Updated: 21st Sep 2020
Online bingo sites offer a brilliant form of entertainment! But how can you make sure that you, and your money, stay safe while playing? Here are some simple steps you can take to protect yourself.
On a home network, ensure you have a firewall and malware/spyware protection enabled. If playing by phone or tablet, always use a secure (https) connection when connecting to a web site over public wi-fi.
Before depositing any money or handing over any personal details, always check that the site is licensed by the UK Gambling Commission. This is super easy to do these days, as all UK licensed sites have to display a clickable link to their licence details on the UKGC site.
If the site offers a juicy welcome bonus, it can be tempting to make a large deposit to get the biggest bonus you can. Before doing this, make a careful reading of the withdrawal rules and wagering requirements to find out how easy it will be to get your money out if you change your mind about the site and don’t wish to continue playing there. Other points to consider:
If a big name betting site with UK offices decided to close their bingo operation you would most likely have your funds either returned or transferred to a different bingo operator (as happened to customers when the Blue Square sports betting business was sold to Betfair). You may be surprised to learn, however, that many bingo sites including some very big names have “not protected” status which means that if they were to go bankrupt players would not have any priority over other creditors – and that the Gambling Commission only requires that they inform players what the level of protection is and does not get involved in any recovery of funds. You can find bingo sites with medium or high insolvency protection on our Trusted & Safe Bingo Sites page.
A reputable bingo site will contain details, either in the terms and conditions or as separate documents, of how they store, process and protect the personal data you supply to them. This matters because poor procedures could leave you open to being spammed and worse than that, to identity theft.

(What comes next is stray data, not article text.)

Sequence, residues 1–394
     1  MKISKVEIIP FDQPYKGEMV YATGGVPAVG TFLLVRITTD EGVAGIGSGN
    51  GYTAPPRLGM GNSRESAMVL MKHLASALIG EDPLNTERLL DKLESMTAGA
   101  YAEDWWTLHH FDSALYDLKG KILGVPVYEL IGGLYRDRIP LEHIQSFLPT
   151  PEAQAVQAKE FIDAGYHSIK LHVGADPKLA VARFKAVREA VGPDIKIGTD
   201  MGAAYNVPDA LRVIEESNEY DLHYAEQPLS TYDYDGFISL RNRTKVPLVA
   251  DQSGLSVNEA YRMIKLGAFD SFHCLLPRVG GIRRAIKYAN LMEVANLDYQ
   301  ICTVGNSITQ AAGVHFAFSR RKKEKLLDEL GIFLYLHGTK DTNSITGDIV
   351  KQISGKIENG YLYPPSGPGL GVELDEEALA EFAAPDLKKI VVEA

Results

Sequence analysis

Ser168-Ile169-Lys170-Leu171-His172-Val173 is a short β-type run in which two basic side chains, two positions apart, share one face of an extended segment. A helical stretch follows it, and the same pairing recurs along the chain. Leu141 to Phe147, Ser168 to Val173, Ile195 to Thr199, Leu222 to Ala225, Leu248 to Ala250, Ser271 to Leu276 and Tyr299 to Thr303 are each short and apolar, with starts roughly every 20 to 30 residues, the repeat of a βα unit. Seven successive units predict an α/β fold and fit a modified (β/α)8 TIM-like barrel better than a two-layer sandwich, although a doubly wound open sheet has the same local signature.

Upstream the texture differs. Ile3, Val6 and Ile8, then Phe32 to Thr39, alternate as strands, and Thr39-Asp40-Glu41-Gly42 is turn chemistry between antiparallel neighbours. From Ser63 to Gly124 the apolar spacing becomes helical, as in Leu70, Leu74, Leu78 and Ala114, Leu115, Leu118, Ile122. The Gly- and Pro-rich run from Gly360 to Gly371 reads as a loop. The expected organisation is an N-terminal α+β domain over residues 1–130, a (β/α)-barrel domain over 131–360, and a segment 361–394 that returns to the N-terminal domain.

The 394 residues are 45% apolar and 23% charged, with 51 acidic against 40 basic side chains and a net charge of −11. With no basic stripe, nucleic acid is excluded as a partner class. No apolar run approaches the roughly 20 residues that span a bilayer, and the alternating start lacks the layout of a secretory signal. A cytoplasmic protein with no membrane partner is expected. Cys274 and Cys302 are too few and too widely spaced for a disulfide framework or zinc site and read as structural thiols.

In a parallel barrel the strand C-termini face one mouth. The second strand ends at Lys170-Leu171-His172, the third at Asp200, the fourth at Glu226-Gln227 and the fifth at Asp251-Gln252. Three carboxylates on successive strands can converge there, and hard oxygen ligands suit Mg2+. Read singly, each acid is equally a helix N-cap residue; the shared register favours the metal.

Your bingo account involves real money, so pick a password that isn’t easy to guess, not something lame like your pet’s name, “password” or “bingoaccount”. Don’t use a password for a bingo site that is the same as either the password for your bank account or the password for your email account (and they should also be different from each other). Don’t use a password that is the same as the answer to the security question on one of your other accounts. Don’t put a tick in the box that says “remember me” if you are playing on a shared or public computer. If you are phoned, emailed or otherwise contacted by someone claiming to be from the bingo site and asking for your password, don’t give it to them. If you are at all worried that your password may have been compromised, change it.
Don’t use your real name as a username and don’t give it out in chat. Definitely don’t give out your address or phone number in chat, or your date of birth (easily done by accident if the bingo site has a birthday bonus). Even if you trust the person to whom you are talking, who knows who else might be lurking in the room and what use they might make of that information?
It’s easy to get carried away playing bingo and spend more than you intended to. We suggest deciding in advance how much you want to spend BEFORE you start to play and sticking to it, and bingo sites can help with this by allowing you to pre-set a daily or weekly deposit or play limit for yourself. If things do get out of hand, many sites will allow you to set a cooling-off period of anything from 1 day to 3 months as a less drastic alternative to self-exclusion. Look for a link on the bingo site or a section in the Terms & Conditions called Responsible Gaming or Responsible Gambling to find out about what that particular site can offer.
Online bingo is supposed to be fun. If you’re not having fun playing, it’s probably time to take a break, either from that particular site or from the game in general.
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